Not the same thing

Today's students, like all of us, will learn more outside the classroom than inside it. I photographed these school children in Dominica, March 2010.

Today’s students, like all of us, will learn more outside the classroom than inside it.
I photographed these school children in Dominica, March 2010.

“They say that we are better educated than our parents’ generation. What they mean is that we go to school longer. It is not the same thing.”Richard Yates

“But knowledge puffs up while love builds up.  Those who think they know something do not yet know as they ought to know.”1 Corinthians 8:1-2

It bothers me that formal education is becoming a status symbol, a commodity to be rated and sold as a means of achieving society’s wealth and adulation.  Never mind that the world is kept running largely by people who are unable to go to the local community college, let alone Harvard.  In the mutual admiration society that constitutes much of academia, this kind of reality doesn’t intrude until one’s plumbing goes awry, or the sanitation workers go on strike.

I’m guessing we all know many people who never got a college degree (and maybe never even a high school diploma) who were sources of unfailing wisdom, strength, humor, achievement and support.  I feel safe in assuming that many of these people were of our parents’ generation, and went to high school during a time when there was no cottage industry that existed purely to increase SAT scores.  They made their way in the world without benefit of AP courses or programs for the gifted, before anyone ever thought to talk about self-esteem.

Knowledge does not equal wisdom, and increasingly, formal education does not necessarily equal either wisdom or knowledge. I’m not knocking education; it’s a wonderful thing.  Sometimes you can even get it from a school or a university.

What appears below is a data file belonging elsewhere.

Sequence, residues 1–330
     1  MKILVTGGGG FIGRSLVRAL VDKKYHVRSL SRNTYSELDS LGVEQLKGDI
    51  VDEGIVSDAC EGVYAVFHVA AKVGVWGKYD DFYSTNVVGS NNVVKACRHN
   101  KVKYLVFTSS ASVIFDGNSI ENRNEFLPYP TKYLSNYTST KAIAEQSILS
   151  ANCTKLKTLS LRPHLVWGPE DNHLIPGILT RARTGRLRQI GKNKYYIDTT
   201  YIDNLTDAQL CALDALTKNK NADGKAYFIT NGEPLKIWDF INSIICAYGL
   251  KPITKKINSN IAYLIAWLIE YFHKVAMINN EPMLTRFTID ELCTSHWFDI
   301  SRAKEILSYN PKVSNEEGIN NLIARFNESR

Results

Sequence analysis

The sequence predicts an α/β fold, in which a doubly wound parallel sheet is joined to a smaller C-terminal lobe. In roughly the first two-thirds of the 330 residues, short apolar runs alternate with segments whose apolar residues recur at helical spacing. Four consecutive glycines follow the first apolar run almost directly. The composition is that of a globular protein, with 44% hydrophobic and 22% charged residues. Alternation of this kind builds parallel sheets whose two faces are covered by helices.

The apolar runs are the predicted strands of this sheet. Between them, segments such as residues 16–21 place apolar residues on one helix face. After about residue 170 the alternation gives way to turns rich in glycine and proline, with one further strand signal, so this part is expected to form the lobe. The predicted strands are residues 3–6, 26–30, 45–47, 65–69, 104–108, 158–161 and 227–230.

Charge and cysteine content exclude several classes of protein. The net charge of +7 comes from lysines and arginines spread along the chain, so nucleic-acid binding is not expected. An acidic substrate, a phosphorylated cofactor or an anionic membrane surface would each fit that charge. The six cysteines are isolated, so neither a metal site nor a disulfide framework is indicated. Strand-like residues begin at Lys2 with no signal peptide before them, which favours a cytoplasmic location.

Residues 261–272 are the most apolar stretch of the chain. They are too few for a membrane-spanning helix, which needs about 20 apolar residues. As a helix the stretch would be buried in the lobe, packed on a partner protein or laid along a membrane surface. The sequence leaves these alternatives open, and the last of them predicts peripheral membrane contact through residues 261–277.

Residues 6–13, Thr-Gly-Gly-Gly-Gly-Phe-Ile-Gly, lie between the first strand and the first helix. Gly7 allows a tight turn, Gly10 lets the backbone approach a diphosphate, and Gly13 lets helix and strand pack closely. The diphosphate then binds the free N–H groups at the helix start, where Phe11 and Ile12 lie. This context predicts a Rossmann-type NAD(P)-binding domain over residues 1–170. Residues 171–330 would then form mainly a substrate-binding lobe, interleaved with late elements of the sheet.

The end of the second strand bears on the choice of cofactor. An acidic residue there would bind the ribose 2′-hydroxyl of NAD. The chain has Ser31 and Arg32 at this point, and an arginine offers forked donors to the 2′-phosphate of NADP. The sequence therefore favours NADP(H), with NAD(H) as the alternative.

But we learn the most practical and lasting lessons from life outside the classroom, through the person-to-person exchanges we have with each other, especially the ones that don’t involve grades, money, or other not-so-hidden agendas.  None of us needed the Ivy League to teach us to cook, pay bills, cheer others on, fix what breaks or volunteer to lend a hand where needed.  We learned those things by watching others, and most of the people we watched don’t have any impressive initials after their names.

Today, I hope you will remember fondly those lessons you learned from people who were teachers in the truest sense of the word.  They may never be honored with formal titles or pomp and circumstance.  But whatever good we have in our lives is directly connected to their unheralded faithfulness in showing up and keeping on.

One year ago today:

The answer to a great many things

This post was first published seven years ago today. The original post, comments and photo are linked, along with two other related posts, below. These links to related posts, and their thumbnail photos, do not appear in the blog feed; they are only visible when viewing the individual posts by clicking on each one. I have no idea why, nor do I know how they choose the related posts. That’s just the way WordPress does things.

6 Comments

  1. Judy from Pennsylvania

    My comments are few and far apart but I’m reading your inspiring posts every morning to get my boost before starting the day.

    My grandmother was born in rural Indiana in 1890 and, like all the other children there, only had an 8th grade education because that’s all that was offered. Yet when I read the school books she studied, I’m amazed at the depth of their education in English, literature and practical arithmetic. She was the first female in my ancestry who could vote. At the age of 60, she could still recite long complicated poems she learned in school and she cooked without recipe books. She taught me nurturing and homemaking skills.